- Trattoria Graziella – A cosy Italian trattoria with a relaxing atmosphere and skillfully made food.
- Café de Sluyswacht – Set inside a picturesque building, this friendly restaurant serves simple food and local beer.
- Betty Blue – Spacious, laid-back, with delicious food and coffee to boot.
Shopping at the Rembrandt House Museum
While there are lots of art shops scattered around Amsterdam, the Rembrandt House Museum is a perfect place to pick up a print for your collection. The museum shop is open every day, so you can browse and buy things to remember your trip forever.
Choose your favourite Rembrandt piece and buy a print to hang in your home. Or pick up a coffee table book filled with etchings and drawings to display proudly for guests. There are lots of beautiful accessories and objects to discover in the museum shop, as well as art kits to start out your own creative journey.
Rembrandt House Museum Opening Times and Ticket Prices
Like with most museums, galleries, and tourist attractions, it’s a good idea to book your tickets to the Rembrandt House Museum online in advance. This means you’ll be able to choose a timeslot for your visit and avoid queuing outside.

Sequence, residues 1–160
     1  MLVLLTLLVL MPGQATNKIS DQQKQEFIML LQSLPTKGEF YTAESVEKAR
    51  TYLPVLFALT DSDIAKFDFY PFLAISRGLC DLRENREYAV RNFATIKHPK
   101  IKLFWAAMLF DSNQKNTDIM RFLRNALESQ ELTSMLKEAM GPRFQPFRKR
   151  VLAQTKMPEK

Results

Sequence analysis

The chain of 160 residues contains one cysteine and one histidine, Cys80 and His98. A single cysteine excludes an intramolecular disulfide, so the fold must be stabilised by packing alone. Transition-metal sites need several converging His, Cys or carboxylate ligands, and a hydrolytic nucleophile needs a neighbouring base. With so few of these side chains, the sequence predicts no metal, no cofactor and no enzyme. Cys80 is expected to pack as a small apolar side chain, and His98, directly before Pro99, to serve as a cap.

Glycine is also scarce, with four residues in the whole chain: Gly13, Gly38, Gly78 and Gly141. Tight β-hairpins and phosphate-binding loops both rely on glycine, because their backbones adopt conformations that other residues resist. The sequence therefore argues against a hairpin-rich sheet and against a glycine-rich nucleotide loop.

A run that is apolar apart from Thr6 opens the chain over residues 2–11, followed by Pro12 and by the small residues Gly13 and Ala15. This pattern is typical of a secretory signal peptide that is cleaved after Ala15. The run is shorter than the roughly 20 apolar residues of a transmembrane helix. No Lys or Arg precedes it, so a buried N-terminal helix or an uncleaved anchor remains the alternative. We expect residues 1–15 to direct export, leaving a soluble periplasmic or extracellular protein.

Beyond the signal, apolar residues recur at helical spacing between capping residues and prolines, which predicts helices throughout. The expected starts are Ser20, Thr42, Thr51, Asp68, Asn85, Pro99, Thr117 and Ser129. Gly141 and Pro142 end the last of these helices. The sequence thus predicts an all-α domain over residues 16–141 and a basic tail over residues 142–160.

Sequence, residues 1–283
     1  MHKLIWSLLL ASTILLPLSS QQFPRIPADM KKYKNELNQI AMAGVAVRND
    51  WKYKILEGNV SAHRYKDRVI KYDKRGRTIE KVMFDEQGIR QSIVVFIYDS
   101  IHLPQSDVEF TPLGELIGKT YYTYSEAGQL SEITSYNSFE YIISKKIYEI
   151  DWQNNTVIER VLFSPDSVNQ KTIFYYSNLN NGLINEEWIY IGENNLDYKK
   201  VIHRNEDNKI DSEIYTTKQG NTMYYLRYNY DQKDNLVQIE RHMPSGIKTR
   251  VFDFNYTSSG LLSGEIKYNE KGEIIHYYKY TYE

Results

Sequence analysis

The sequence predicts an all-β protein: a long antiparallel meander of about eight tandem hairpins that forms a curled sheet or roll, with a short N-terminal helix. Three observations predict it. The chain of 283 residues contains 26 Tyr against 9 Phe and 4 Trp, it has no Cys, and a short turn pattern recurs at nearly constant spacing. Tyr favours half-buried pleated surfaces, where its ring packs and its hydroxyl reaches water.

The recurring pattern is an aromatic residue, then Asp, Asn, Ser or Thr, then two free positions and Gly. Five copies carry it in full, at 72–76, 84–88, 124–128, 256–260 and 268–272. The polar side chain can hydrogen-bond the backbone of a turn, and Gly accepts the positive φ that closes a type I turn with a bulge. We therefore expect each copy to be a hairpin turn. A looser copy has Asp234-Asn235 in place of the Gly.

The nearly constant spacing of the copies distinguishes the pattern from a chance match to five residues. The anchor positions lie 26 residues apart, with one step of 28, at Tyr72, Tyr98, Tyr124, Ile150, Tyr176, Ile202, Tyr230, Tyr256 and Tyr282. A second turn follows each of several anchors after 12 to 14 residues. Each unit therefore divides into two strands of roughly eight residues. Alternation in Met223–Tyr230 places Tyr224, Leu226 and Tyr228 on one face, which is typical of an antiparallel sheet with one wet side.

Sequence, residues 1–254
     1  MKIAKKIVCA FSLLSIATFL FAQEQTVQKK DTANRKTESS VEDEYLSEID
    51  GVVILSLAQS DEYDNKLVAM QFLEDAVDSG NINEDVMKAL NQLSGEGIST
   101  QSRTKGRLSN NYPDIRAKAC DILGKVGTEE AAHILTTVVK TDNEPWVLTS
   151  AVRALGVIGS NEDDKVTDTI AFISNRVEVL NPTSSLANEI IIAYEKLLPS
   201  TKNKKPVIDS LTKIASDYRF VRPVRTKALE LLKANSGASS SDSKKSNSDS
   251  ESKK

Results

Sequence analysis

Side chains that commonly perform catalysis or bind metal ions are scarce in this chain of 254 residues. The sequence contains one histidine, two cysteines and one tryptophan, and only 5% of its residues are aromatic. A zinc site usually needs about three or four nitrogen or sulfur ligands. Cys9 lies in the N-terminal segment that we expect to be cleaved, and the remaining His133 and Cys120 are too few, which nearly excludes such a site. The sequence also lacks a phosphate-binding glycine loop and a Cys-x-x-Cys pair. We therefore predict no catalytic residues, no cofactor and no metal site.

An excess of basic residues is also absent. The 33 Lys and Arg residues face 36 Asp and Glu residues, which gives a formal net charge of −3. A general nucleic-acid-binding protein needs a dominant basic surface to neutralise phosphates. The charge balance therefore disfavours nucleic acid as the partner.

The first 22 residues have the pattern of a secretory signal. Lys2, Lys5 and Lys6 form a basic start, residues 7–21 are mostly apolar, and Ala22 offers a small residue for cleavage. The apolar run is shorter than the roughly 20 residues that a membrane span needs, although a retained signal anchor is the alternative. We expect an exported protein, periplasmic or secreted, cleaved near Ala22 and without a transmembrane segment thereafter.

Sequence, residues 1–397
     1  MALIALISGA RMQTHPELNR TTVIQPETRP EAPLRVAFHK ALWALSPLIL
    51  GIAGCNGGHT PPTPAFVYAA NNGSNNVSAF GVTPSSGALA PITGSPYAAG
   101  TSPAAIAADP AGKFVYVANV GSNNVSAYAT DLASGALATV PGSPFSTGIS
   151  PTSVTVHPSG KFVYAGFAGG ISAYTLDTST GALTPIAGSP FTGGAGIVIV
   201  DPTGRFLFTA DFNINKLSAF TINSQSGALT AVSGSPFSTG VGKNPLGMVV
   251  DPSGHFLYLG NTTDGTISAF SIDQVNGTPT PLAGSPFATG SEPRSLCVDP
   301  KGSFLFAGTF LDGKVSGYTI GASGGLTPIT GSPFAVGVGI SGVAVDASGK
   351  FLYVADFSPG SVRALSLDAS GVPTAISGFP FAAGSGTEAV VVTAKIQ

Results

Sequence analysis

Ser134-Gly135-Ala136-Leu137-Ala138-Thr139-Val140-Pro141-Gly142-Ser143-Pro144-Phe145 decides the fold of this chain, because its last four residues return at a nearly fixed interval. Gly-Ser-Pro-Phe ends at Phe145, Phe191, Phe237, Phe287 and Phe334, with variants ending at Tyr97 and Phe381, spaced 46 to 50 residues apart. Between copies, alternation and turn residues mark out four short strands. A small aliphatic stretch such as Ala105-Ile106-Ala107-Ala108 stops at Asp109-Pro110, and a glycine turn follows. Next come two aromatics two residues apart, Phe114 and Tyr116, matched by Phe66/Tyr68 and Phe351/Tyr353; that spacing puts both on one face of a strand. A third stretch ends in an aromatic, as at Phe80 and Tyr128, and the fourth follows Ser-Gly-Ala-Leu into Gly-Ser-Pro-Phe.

The Rembrandt House Museum is open every day, except Mondays. The only days you can’t visit are Christmas Day and the 27th of April, which is King’s Day in Amsterdam. Opening hours are between 10:00 and 18:00. The museum closes at 17:00 on Christmas Eve and New Year’s Eve, and opens at 11:00 on the 1st of January.
How much does it cost to visit the Rembrandt House Museum?
The cost of your visit to the Rembrandt House Museum will vary depending on who’s visiting. Here are the most recent prices for 2020. Still, be sure to check online and reserve your slot before you go.
Children (age 6 to 17)
Children (under 6)
You can also visit for free if you have an I Amsterdam Card, which is also a great way to use public transport during your time in Amsterdam. All prices include use of the museum’s audio guide, which can help add interest to your tour.
Taking the train to Amsterdam?
Taking the train to Amsterdam is one of the easiest and quickest ways to travel from many major destinations across Europe. Modern high-speed trains are ready to whisk you from one city to another, and some of the most popular train journeys include Paris to Amsterdam (3h 12m), Brussels to Amsterdam (1h 45m) and London to Amsterdam (4h 2m).
On your way home you'll also enjoy quick journey times, including Amsterdam to Paris (3h 13m), Amsterdam to Brussels (1h 46m) and Amsterdam to London (5h 11m - although a new quicker direct route is launching later this year).
Feeling inspired to take the train? Why not find out more about travelling around the Netherlands by train in our trains in the Netherlands guide.